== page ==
I also want to offer an update on our efforts around racial justice. In June, Dr. Mona Fouad, senior associate dean for Diversity and Inclusion, presented a Racial Justice Response Plan to the School of Medicine leadership team which outlined three phases:

1) listening and information gathering
2) strategy development
3) implementation

We are currently in phase 1, the listening phase, that began with a Forum for Racial Justice on June 10. From the feedback received at that event, and through many leadership discussions, it is clear that we must address issues based on input from the School of Medicine community in our plans moving forward. Therefore, the next part of the listening phase is to gather feedback from students, trainees, faculty, and staff.

We have contracted with an external consulting firm to conduct focus groups in order to gather more information and assist in the development of a comprehensive, long-term plan. The focus groups were conducted earlier this month, and were comprised of a random sampling of employees from each of the constituent groups. We will also administer a school-wide anonymous survey.

These are just the first steps in what will be a very proactive process to listen to the School of Medicine community, gather information, and create and enact a tangible plan of action for addressing issues of racial inequality within the School of Medicine as well as in our greater community. I look forward to sharing those details as they materialize in the coming weeks and months.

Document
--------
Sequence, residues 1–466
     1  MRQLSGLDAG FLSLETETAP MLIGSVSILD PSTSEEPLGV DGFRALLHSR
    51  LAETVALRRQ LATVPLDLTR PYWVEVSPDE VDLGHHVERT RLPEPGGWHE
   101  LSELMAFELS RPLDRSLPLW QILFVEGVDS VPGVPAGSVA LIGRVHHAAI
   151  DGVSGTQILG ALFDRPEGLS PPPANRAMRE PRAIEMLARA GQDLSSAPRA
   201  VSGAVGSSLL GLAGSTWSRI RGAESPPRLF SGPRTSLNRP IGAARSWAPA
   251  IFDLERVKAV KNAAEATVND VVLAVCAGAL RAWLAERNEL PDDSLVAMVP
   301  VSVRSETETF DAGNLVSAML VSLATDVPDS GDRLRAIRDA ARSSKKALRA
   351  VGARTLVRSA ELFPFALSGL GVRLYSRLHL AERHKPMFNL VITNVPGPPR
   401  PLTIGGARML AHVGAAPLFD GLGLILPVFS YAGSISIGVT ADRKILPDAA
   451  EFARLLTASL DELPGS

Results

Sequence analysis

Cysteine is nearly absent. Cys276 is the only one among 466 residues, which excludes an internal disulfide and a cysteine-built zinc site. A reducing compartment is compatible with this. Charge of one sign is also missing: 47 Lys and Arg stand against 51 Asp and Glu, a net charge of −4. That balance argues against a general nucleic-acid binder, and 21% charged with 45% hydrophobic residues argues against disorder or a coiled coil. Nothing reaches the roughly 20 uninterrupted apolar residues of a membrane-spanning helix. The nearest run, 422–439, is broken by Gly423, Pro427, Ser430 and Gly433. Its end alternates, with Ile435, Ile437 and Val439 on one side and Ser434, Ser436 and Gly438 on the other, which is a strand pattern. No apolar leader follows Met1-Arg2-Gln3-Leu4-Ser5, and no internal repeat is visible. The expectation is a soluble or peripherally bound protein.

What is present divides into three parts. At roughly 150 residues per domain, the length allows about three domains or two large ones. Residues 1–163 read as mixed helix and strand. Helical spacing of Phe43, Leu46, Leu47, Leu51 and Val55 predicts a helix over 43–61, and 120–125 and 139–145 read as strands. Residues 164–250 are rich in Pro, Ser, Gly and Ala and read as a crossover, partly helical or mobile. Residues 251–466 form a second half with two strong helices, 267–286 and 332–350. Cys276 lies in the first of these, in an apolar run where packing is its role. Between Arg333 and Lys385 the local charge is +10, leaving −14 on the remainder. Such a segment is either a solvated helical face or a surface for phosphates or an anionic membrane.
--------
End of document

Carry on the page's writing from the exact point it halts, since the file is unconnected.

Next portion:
Lastly, I’m excited to announce that, next month, the School of Medicine will host the first of a series of new Mini Medical School events. The events are aimed at engaging community members with the School of Medicine and expanding their healthcare knowledge by offering them the opportunity to learn from our world-renowned researchers and physicians. Join me on Tuesday, September 22 from 6-7:30 p.m. for the virtual UAB Mini Medical School: A Closer Look at COVID-19’s Effect on Alabama. Participants will hear about UAB’s response to the pandemic and what we’ve learned from Drs. Jeanne Marrazzo, director of the UAB Division of Infectious Diseases; Mike Saag, associate dean for Global Health in the School of Medicine, director of the UAB Center for AIDS Research, and professor of Medicine in the Division of Infectious Diseases; and Sarah Nafziger, professor of Emergency Medicine. Then, Drs. Reagan Durant, associate professor in the Division of Preventive Medicine, and Isabel Scarinci, professor in the Division of Preventive Medicine, will discuss the persistent health disparities that the pandemic has highlighted so vividly. Lastly, Dr. Eric Wallace, medical director of Telehealth at UAB, will discuss how the pandemic led to a rapid expansion of telemedicine. Click here to register for the first of many Mini Medical School sessions to come. If you have any questions or would like to know more, please contact Katie Vickery at